Sept. 19 (Bloomberg) -- Rubber climbed for a third day to the highest level in more than a week after the Federal Reserve said it will maintain monthly bond purchases to stimulate growth, boosting the demand outlook for the commodity used in tires.
The contract for February delivery on the Tokyo Commodity Exchange rose 2.7 percent to end at 285.3 yen a kilogram ($2,889 a metric ton), the highest settlement for a most-active contract since Sept. 9. The rally pared losses to 5.7 percent this year.
The Federal Open Market Committee said it wants to see more evidence that improvement in the U.S. economy will be sustained before adjusting the pace of its $85 billion in monthly purchases of Treasury and mortgage debt. The decision boosted oil in New York, raising the appeal of natural rubber as an alternative to synthetic products.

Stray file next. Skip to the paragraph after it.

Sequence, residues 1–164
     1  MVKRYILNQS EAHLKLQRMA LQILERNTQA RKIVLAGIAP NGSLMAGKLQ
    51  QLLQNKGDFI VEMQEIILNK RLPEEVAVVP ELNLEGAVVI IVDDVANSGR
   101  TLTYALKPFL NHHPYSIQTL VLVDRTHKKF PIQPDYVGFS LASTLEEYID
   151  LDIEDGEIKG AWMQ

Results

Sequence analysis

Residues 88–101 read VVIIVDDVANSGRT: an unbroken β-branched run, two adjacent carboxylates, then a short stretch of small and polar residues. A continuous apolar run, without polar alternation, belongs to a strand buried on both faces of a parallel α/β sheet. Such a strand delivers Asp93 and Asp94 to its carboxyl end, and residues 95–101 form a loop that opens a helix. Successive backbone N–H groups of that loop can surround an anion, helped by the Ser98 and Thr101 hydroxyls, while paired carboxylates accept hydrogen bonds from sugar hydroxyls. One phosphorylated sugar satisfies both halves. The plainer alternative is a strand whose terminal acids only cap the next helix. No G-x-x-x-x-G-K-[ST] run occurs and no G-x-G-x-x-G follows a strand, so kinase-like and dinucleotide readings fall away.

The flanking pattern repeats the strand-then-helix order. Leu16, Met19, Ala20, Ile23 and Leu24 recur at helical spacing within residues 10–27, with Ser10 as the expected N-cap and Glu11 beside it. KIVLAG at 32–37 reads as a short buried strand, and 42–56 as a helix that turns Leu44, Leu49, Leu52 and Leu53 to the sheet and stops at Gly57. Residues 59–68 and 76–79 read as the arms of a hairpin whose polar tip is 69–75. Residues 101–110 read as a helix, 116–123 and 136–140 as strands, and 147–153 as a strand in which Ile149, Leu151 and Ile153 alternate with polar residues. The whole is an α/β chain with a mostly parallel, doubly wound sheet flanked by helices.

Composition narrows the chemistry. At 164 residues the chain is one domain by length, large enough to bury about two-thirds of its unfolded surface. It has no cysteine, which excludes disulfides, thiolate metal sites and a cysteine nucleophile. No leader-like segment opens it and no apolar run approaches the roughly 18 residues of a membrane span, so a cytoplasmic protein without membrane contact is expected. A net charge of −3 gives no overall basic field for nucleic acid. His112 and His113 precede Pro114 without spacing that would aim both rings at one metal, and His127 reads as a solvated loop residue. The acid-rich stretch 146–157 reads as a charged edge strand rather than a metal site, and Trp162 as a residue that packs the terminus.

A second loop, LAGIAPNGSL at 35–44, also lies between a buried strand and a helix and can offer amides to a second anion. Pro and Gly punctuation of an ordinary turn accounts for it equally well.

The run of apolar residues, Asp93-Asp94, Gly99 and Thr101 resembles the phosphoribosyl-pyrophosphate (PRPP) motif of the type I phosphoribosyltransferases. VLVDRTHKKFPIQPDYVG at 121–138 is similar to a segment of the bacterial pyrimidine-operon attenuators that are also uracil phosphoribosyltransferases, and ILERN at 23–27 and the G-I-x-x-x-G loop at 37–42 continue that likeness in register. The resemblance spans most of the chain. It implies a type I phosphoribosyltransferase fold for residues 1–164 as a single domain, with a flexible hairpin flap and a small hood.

“Investor appetite for the commodity increased as the Fed maintained monetary stimulus,” said Hideshi Matsunaga, an analyst at broker ACE Koeki Co. in Tokyo.
Rubber was also supported by speculation that farmer protests in Thailand may disrupt shipments from the world’s largest producer and exporter, he said.
Farmers continue blocking a road in the southern Thai province of Nakhon Sri Thammarat, Viroj Jivarungsan, the province’s governor said by phone today. Seventy-six police officers were injured and eight cars burnt in a clash on Sept. 16, Interior Minister Charupong Ruangsuwan said yesterday.
Thai rubber free-on-board gained 0.6 percent to 83.20 baht ($2.69) a kilogram today, according to the Rubber Research Institute of Thailand. The Shanghai Futures Exchange is closed today and tomorrow for holidays.
--With assistance from Supunnabul Suwannakij in Bangkok. Editors: Jarrett Banks, Ovais Subhani